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Focus on Job Search Rather Than Filing Fraudulent Claim

November 24, 1996

Q After a month's advance notice, my department was closed down and 18 of us were laid off. I immediately filed for unemployment and was shocked to see that even though I would be receiving the maximum amount, unemployment insurance provides very little money compared with my salary.

It also made me angry that the money is taxable. Just when I need every dollar for the additional expenses of printing resumes, driving to job interviews, phone calls, etc., the government is hurting me more.

Yet, what really upset me was that a few weeks ago I had dinner with two former co-workers and learned that rather than file for unemployment, they both went to their doctors, citing stress, and have been collecting disability checks, which are much larger than unemployment and are not taxable.

My former co-workers say that while they have gone on some job interviews, as long as they are not working they are not breaking the law. This has made me feel like a real idiot and I guess it has stressed me out too.

--D.A., Huntington Beach


A You are not an "idiot" for not attempting to defraud the state disability system.

Filing a disability claim when you are not really disabled is against the law. In addition, in order to get such benefits on the basis of stress, you would have to have a doctor certify that you are psychiatrically disabled from working. This would become part of your medical history and it could adversely affect your ability to obtain certain jobs in the future.

Also, in the event you suffered a genuine psychological injury sometime in the future, your prior history of psychiatric disability might be used against you to undercut your injury claim.

You will most likely be better off than your former colleagues if you continue to focus your efforts on obtaining a new position that will further your career.

--James J. McDonald Jr.

Attorney, Fisher & Phillips

Labor law instructor, UC Irvine

Dangers of Disclosure to Ex-Worker Q Upon accepting a job with a company, I was asked to sign a confidentiality agreement. My employment ended because of a personality conflict.

During the course of my employment, I was involved in intentionally overbilling our clients and hiding information from them to cover errors and irregularities.

Since it has been quite a challenge to find a new job because of negative references from my previous employer, I intend to disclose the overbillings and the irregularities to one of the clients. Would my disclosure be a breach of the confidentiality agreement?

--V.B., Pasadena


A Because you did not describe the terms of your confidentiality agreement, I cannot determine whether you would breach it. If the confidentiality agreement reads like most, it may simply prevent you from revealing confidential information about clients to third parties. If that is the case, your intended disclosure might not violate your confidentiality agreement.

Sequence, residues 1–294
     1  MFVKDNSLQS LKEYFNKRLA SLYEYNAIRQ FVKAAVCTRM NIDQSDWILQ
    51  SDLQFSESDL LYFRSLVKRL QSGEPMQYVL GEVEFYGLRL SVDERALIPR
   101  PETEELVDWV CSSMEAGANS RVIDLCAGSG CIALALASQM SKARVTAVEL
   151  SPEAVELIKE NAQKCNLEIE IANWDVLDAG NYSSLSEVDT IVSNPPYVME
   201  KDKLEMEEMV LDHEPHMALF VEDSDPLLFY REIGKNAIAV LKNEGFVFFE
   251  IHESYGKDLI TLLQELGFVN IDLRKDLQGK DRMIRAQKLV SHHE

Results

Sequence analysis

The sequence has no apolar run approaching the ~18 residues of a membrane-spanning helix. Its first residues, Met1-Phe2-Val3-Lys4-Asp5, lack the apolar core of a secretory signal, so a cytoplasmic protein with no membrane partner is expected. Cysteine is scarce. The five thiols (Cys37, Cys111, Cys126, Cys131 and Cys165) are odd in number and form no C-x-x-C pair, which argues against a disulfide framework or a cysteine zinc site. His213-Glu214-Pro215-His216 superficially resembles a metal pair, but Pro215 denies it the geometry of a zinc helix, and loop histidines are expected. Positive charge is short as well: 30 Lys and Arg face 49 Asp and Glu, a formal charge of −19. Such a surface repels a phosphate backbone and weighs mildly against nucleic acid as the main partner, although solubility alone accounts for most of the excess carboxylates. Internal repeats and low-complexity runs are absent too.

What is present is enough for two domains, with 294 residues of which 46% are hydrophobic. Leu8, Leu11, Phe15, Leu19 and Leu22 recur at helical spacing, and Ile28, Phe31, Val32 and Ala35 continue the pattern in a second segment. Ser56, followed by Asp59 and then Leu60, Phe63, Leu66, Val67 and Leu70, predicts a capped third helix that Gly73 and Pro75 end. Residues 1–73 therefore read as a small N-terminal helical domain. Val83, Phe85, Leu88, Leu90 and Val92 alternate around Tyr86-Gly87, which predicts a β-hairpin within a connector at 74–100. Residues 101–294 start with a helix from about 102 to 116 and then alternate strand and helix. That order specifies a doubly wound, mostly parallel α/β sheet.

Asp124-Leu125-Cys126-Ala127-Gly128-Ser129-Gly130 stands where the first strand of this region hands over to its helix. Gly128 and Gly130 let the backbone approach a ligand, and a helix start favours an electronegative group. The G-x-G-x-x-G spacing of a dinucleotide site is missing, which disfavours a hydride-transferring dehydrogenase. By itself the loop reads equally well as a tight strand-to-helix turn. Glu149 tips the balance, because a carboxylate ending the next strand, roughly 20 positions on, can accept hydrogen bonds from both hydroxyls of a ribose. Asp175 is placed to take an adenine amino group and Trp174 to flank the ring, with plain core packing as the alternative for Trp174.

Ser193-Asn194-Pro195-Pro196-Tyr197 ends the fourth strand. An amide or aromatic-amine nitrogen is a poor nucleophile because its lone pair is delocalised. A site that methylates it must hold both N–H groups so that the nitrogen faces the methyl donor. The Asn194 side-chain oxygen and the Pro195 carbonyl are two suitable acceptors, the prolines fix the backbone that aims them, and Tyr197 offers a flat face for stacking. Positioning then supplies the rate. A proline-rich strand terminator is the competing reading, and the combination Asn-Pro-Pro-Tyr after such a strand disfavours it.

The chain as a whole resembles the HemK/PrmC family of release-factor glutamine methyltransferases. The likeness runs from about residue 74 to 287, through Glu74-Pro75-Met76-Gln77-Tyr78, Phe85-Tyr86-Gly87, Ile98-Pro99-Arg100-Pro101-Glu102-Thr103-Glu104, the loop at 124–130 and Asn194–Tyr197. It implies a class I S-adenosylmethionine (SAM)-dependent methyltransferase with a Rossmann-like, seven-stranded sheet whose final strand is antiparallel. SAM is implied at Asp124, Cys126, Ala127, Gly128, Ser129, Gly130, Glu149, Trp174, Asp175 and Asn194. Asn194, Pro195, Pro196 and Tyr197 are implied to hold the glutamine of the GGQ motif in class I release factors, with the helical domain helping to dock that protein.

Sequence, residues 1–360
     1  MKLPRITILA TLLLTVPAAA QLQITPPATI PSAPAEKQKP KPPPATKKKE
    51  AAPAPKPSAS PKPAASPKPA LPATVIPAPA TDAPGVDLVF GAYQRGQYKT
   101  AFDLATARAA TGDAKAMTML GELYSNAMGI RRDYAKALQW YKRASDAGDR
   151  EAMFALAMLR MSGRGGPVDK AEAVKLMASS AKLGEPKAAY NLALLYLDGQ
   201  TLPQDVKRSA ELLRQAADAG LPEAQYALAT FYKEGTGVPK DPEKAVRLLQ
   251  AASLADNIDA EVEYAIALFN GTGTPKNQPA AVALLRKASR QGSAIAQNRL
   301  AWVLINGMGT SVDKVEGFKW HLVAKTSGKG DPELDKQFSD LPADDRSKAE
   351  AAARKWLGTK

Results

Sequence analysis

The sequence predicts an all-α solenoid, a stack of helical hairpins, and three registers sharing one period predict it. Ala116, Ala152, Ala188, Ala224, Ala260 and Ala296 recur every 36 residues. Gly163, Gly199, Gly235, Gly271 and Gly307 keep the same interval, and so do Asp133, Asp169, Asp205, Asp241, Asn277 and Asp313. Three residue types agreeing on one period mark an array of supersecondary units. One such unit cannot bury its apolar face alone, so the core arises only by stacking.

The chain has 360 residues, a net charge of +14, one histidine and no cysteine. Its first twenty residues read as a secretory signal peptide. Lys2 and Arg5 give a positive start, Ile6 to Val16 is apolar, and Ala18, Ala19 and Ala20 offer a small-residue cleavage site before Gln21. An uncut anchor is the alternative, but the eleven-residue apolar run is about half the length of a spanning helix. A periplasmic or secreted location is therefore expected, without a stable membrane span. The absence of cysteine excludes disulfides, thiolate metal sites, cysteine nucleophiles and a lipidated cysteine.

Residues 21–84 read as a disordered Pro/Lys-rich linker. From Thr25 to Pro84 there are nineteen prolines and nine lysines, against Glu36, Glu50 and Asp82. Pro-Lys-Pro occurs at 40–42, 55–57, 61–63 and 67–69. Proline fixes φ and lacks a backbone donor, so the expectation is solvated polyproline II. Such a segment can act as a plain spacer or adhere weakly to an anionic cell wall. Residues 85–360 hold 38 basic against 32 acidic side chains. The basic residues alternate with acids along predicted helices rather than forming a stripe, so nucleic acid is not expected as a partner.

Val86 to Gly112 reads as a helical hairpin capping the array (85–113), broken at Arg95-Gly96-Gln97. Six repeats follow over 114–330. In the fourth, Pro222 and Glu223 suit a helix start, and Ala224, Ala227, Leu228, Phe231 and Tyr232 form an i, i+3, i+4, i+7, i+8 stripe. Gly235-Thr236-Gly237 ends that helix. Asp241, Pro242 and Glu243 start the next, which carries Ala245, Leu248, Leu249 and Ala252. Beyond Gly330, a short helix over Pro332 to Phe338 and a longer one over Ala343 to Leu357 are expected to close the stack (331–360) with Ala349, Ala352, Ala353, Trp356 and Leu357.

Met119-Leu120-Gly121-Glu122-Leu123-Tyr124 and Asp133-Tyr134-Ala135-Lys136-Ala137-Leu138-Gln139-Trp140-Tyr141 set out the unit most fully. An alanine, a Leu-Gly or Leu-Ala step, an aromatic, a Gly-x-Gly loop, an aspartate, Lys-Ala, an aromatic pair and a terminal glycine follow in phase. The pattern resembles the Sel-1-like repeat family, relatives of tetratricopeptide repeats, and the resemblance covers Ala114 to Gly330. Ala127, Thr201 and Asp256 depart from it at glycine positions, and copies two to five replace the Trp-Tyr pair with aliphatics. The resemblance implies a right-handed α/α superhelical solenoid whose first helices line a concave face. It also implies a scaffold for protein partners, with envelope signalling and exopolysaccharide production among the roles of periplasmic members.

Nonetheless, disclosing the overbillings and irregularities to your former employer's client may not be the wisest approach. If you had been fired for refusing to overbill or cover up irregularities, it might make sense to disclose that fact to prospective employers. However, your letter hints that you participated in the overbilling, you did not complain to your employer about it, and you were terminated for reasons unrelated to the overbilling.

Moreover, you are not proposing to disclose the improprieties to prospective employers, but to the client. Not only would that fail to help you in your job search, but if you are incorrect in your allegations, your former employer may claim that you have defamed the company and/or improperly interfered with its business relationships.

--Josephine Staton Tucker

employment law attorney

Morrison & Foerster

Determining Reasons for Turnover Q I own a medium-sized company that is experiencing a sudden increase in employee absenteeism and turnover. I was wondering what kind of consulting specialist would best be able to help me figure out the reasons for these problems. What are my best options?

--N.S. Los Angeles


A There are a great number of factors that could be affecting the increased absenteeism and turnover rates in your company. The causes can range from problems in hiring to company policies and practices that employees view as unfair or onerous to external factors such as an open and competitive job market that lures away valued workers.

There are a wide range of management and human resources consultants who could help you analyze attendance and turnover rates to try to pinpoint the reasons and who can suggest ways to fix the problem.

Your best bet is to shop around and try to find one who specializes in these sorts of problems, or talk to other business owners and use their recommendations.

--Ron Riggio

Director, Kravis Leadership Institute

Claremont McKenna College

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